There used to be a time when Indian cinema, certainly Bollywood, borrowed freely from Hollywood. Why even the name, Bollywood, is a copy from Hollywood. And the other Woods in India – Kollywood, Tollywood, etc – found their inspiration from Bollywood, the title, the themes and even the tales. One of the best examples of such copy was Frank Capra's 1934 Hollywood blockbuster, It Happened One Night, with Clarke Gable and Claudette Colbert, who won the Academy Award for Best Actress. The film won other Oscars, for Best Picture, Best Director, Best Actor (Gable) and Best Screenplay.
Almost six decades later in 1991, Mahesh Bhatt made a frame-by-frame copy of Capra's movie, called it Dil Hai Ke Manta Nahin, and cast his daughter, Pooja Bhatt, as an heiress who runs away from home and meets a newspaper reporter, played by Aamir Khan. It was an innocent, sweet love story with some amazingly melodious music by Nadeem-Shravan. The director never admitted that it was an exact copy, and in those days, most Indians would not have seen Capra's work.
Down the ages, many Indian films were copied from or inspired by Hollywood or European or South-east Asian pictures – often without offering any credit.
Now, I read a piece in The Hollywood Reporter, which said that the veteran British director and producer, Ridley Scott, was planning to make Amman Mission – a $-35-million military drama on the evacuation of Chinese nationals from Kuwait, when it was invaded by Saddam Hussain's Iraq in 1990. This reminded me of Raja Krishnan Menon's 2016 Airlift. The Scott project, to be developed by Hong Kong-based Media Quiz, will be shot in Kuwait and China's Ningxia and Xinjiang, and will narrate the nail-biting story of how 4885 Chinese men, women and children were evacuated from Kuwait in 48 hours.
Actually, the operation involving the Chinese is not as well known in India as the evacuation of Indians from Kuwait also in 1990 during the Iraqi offensive. Airlift was all about the evacuation of Indians. The movie had Akshay Kumar essaying a heroic businessman who rescued thousands of Indians stranded in Kuwait.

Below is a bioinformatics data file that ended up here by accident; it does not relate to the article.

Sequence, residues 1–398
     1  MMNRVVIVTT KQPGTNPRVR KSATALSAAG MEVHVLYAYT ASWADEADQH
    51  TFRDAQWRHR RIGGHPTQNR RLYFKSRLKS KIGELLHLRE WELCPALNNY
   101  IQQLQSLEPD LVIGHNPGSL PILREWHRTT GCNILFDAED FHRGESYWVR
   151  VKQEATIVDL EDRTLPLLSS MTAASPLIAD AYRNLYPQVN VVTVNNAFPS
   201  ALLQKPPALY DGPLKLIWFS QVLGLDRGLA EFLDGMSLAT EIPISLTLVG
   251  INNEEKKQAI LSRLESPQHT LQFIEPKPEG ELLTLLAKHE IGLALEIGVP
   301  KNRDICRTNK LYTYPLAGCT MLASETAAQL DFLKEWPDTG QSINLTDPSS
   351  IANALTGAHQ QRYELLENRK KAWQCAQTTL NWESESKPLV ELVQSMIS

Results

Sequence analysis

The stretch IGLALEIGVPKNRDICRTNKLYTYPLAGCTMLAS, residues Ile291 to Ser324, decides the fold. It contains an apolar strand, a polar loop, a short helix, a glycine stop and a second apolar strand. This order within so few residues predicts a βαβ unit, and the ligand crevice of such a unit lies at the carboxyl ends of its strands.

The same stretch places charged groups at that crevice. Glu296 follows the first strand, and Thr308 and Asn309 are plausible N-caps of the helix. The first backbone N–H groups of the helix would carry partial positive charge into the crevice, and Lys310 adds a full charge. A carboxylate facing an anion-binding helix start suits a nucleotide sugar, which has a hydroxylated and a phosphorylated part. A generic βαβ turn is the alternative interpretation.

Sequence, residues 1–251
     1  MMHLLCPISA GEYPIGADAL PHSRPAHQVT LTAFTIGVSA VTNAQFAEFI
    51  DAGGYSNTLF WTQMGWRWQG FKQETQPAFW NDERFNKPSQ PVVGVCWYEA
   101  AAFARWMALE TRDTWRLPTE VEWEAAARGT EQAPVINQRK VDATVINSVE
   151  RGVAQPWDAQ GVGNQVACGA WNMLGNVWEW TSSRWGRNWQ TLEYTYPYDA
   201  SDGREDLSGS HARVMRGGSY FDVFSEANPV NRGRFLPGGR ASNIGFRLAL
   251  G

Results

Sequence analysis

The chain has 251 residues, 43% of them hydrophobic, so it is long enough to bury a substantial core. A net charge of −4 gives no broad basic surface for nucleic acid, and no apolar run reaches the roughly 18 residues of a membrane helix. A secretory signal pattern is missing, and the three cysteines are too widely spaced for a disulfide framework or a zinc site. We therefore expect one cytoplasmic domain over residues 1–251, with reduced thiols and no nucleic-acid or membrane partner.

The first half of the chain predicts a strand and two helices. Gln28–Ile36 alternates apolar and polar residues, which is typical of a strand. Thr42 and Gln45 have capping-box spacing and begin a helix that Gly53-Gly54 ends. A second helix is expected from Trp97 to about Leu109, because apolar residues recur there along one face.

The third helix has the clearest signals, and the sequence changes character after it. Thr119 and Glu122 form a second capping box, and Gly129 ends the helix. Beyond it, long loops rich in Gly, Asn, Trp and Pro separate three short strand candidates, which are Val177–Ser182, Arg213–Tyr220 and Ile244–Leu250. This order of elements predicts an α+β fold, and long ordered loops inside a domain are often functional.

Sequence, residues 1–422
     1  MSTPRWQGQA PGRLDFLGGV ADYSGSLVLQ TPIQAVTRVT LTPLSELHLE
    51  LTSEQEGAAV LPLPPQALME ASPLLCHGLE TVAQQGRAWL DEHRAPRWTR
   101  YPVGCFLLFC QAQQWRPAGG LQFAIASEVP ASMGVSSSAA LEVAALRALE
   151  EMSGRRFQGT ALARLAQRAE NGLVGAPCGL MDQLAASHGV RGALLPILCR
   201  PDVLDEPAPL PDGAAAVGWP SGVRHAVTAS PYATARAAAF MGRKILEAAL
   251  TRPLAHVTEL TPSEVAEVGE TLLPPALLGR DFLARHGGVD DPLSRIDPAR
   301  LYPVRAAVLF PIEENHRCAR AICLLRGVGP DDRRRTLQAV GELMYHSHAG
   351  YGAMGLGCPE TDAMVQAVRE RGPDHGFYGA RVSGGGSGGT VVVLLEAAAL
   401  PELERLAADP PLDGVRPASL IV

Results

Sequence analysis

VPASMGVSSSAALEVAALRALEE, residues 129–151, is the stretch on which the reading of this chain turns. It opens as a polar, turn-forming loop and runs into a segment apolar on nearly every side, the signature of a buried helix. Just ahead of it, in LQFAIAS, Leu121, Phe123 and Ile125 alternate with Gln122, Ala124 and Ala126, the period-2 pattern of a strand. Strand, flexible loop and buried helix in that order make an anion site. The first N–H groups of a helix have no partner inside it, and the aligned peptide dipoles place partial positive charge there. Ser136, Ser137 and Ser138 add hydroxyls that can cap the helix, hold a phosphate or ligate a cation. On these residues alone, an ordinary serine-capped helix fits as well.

Airlift had all the unmistakable masala of Bollywood – a dashing and debonair Kumar with Nimrat Kaur as his wife, and he played the hero to the minutest perfection. There were pulse-pounding scenes in the film, one of which showed us how Kumar's Ranjit Katyal nearly got shot by an Iraqi soldier, but was saved in the nick of time by the intervention of a busload of Indians, who were being escorted out of Kuwait by him.
The other famous rescue mission made into a movie, Take Off, by Mahesh Narayanan, was all about some nurses held captive in the Iraqi city of Tikrit by ISIS (Islamic State of Iraq and Syria) in 2014. Here it was a nurse, Sameera – portrayed with amazing credibility by Parvathy Menon – who led her colleagues to freedom with the help of a Government officer, essayed by Fahadh Faasil, another outstanding performance. Take Off was shorn of heroics, and was a down-to-earth account of another great escape.
I am sure Scott's Amman Mission would run closer to Menon's Airlift, the British helmer being known for dramatic stories like Blade Runner, Gladiator, Robin Hood, Black Hawk Down and Thelma and Louise. Last year, he produced Murder on the Orient Express.
My favourite in Scott's oeuvre has remained Thelma and Louise – with Geena Davis and Susan Sarandon, two friends who take a road trip with unforeseen consequences. The final frame showed their car, chased by the cops, plunging into a deep gorge, a shot I have seen in other films as well.
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In the end, I am not suggesting that Scott would have been inspired by Airlift, but Kumar and Krishnan Menon might be happy that they were the first to come up with a movie on the Kuwait evacuation. Yes, yes, the stranded Indians, and now Scott would rescue the Chinese.
(Gautaman Bhaskaran is an author, commentator and movie critic, and may be e-mailed at email@example.com )